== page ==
[arin-ppml] ARIN-prop-157 Section 8.3 Simplification
tvest at eyeconomics.com
Thu Sep 22 09:57:56 EDT 2011
On Sep 22, 2011, at 8:32 AM, Martin Hannigan wrote:
> On Wed, Sep 21, 2011 at 11:08 PM, Tom Vest <tvest at eyeconomics.com> wrote:
> [ clip ]
> Marty you seem to be quite serious about this, but with all due respect the idea that embracing IPv4 transfers
> under exigent circumstances establishes a new/universal precedent to which all number resources should or must necessarily conform is a textbook example of "reductio ad absurdam" thinking. Having the right to buy/sell certain things under certain circumstances does not entail or necessitate that everything else may be bought and sold at will -- not outside of the domain of fringe ideology anyway.
> I would respond to this point-by-point except that I don't really see a point. If you can explain how these 24 words end the world and perhaps offer a twenty-fifth word to avert this pending disaster, I'd appreciate it.
Thanks for the response.
I concede that the two sentences above that you chose not to [clip] are basically editorializing on my part. If you're interested in responding to my substantive points, you'll find them in the portions of the previous message that you deleted, and (most recently) among the messages that I posted to ppml last week.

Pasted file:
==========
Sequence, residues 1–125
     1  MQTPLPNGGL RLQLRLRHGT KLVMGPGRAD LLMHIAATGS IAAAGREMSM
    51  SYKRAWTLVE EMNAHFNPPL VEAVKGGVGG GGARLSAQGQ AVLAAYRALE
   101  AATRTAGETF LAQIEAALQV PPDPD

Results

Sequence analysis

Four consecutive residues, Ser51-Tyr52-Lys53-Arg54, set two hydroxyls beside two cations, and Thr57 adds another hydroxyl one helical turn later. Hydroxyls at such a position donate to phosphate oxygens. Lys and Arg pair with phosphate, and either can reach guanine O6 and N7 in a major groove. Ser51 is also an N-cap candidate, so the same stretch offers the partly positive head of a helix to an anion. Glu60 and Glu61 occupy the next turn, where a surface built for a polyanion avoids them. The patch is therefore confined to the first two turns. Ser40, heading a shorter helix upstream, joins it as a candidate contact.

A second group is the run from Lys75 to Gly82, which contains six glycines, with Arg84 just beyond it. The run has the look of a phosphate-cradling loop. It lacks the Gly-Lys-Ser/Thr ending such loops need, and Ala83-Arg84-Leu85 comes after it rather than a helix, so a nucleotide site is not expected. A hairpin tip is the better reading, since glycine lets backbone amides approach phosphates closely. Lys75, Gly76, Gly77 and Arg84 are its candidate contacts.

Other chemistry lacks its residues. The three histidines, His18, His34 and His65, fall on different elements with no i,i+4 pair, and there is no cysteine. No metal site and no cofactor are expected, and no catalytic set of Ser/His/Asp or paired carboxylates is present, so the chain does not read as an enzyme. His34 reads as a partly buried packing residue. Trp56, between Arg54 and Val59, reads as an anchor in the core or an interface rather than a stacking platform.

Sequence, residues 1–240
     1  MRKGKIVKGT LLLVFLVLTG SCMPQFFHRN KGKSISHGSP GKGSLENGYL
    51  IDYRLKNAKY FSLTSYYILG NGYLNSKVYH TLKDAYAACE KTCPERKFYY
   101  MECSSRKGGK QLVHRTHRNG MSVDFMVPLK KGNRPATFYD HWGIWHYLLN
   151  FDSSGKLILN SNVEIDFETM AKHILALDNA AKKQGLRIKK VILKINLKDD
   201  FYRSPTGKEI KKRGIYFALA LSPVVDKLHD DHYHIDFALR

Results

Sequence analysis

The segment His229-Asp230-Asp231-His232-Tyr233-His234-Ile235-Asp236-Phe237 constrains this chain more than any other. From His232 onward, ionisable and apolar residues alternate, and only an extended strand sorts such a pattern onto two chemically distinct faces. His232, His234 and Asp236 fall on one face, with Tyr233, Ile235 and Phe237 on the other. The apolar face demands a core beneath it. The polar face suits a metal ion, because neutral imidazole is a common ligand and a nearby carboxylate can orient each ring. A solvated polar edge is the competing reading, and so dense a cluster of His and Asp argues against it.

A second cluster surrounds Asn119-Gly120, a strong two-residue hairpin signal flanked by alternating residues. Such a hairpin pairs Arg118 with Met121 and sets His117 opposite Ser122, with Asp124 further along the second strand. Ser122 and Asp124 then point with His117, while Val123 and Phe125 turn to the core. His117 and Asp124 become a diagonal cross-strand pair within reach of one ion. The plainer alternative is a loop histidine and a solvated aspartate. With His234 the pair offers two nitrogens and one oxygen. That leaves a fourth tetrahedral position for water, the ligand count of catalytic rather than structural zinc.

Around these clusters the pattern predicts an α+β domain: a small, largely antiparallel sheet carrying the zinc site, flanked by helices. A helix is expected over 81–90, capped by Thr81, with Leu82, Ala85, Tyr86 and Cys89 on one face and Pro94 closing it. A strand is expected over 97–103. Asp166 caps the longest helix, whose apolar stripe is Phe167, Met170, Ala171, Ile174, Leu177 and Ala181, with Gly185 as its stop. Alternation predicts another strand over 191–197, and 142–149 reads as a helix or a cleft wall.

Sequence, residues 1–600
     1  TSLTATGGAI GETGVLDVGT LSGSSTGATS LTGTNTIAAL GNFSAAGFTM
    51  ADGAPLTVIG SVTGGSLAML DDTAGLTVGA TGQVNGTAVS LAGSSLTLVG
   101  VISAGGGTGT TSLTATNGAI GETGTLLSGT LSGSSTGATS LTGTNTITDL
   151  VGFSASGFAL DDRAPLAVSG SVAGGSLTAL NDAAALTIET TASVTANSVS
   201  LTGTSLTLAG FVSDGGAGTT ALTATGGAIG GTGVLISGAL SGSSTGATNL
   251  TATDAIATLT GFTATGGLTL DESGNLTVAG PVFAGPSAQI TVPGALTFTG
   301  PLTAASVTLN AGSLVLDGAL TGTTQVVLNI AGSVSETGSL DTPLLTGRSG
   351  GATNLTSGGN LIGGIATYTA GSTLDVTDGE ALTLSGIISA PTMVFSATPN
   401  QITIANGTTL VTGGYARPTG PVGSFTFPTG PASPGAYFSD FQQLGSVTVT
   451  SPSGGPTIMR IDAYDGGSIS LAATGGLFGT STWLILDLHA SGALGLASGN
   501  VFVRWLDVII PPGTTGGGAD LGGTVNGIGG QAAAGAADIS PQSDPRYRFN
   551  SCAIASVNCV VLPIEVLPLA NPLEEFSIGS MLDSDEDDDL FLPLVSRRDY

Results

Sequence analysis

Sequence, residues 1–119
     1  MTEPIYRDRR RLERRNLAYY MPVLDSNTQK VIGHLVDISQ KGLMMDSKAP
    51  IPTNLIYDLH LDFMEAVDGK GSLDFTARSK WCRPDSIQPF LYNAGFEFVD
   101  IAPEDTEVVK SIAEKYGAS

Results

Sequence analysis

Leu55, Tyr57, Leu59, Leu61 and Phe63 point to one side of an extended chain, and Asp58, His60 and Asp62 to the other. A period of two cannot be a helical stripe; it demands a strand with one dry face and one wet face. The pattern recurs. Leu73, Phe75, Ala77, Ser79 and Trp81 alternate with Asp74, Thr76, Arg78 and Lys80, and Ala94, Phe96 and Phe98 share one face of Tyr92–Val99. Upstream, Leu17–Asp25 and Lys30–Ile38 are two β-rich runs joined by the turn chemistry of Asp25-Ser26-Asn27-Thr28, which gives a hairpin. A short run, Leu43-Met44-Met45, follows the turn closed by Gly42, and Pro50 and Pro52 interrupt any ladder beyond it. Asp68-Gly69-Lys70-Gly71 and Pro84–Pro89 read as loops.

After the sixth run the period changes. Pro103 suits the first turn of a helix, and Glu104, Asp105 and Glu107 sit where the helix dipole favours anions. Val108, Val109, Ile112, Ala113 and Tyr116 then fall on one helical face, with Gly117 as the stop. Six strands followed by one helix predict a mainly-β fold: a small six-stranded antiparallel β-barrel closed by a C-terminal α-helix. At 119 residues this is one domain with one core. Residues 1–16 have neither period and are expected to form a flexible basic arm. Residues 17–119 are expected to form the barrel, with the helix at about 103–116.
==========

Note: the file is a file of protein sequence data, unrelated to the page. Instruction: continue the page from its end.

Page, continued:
Here's a quick summary:
1. PDP procedural objection/"truth in advertising" request:
In cases where a proposal's adoption would significantly alter the substance and impact of Number Resource Policy, characterizing that proposal as a minor editorial tweak (or "simplification") of NRPM wording is misleading at best. Please consider rewriting and renaming your proposal to more accurately and transparently convey its overall effect, which would be to materially change several elements of number resource policy, including (a) the extension the currently narrow (IPv4-only) scope of approved transfer policies to cover all protocol number resources, and the (b) preemption current/approved distribution policies for both ASNs and IPv6.
2. Substantive objections:
Simplicity may be a stylistic virtue, but any benefit that might be achieved by simplifying NRPM language must be balanced against the non-stylistic, practical consequences that the proposed simplification would have in the real world. I have explained at length, on this list and elsewhere, that I believe that subjecting ASNs to more liberalized transfer policies would have far-reaching and profoundly adverse operational consequences. I don't have time to recap the details right now, but you can find an excellent summary in the 2009 ISOC Brief entitled "IPv4 Affinity." Each of the problems that that paper identified with respect to IPv4 transfers would be vastly more problematic for ASN transfers.
I have a confcall now, but would be happy to provide more details afterward if necessary.
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